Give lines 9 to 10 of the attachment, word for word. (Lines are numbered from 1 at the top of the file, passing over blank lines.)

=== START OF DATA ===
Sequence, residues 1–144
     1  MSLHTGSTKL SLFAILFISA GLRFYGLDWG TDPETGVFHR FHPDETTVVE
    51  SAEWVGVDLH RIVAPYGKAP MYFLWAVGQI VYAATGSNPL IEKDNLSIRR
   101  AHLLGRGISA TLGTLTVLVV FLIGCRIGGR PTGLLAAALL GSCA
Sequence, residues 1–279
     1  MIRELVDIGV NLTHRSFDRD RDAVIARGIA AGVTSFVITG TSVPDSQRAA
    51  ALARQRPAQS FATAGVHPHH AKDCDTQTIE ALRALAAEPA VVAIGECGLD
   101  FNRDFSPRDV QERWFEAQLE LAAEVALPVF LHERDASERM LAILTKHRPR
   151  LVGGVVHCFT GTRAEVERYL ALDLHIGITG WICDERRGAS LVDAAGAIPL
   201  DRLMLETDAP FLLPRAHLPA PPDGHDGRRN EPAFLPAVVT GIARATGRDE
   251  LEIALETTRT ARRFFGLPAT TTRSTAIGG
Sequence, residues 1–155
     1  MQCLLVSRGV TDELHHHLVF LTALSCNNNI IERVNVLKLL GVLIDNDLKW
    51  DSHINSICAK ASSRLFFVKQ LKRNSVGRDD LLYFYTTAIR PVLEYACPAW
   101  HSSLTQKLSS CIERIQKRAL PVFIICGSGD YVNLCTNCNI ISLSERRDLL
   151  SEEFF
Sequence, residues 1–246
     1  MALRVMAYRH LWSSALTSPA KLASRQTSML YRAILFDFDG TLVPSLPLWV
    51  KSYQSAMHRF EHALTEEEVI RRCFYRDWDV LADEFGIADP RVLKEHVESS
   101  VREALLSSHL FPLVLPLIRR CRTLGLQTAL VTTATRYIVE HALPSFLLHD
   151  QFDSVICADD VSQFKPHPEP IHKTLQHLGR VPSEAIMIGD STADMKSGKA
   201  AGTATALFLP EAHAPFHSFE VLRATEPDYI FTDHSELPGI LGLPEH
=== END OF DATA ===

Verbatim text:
   151  LVGGVVHCFT GTRAEVERYL ALDLHIGITG WICDERRGAS LVDAAGAIPL
   201  DRLMLETDAP FLLPRAHLPA PPDGHDGRRN EPAFLPAVVT GIARATGRDE